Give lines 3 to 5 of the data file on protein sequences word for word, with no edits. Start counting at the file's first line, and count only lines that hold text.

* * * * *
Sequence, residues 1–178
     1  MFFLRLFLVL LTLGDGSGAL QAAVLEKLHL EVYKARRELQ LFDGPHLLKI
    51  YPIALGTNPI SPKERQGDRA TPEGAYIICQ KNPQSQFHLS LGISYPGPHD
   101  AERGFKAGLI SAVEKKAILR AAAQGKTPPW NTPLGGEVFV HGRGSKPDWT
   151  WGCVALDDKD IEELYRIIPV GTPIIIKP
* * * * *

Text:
    51  YPIALGTNPI SPKERQGDRA TPEGAYIICQ KNPQSQFHLS LGISYPGPHD
   101  AERGFKAGLI SAVEKKAILR AAAQGKTPPW NTPLGGEVFV HGRGSKPDWT
   151  WGCVALDDKD IEELYRIIPV GTPIIIKP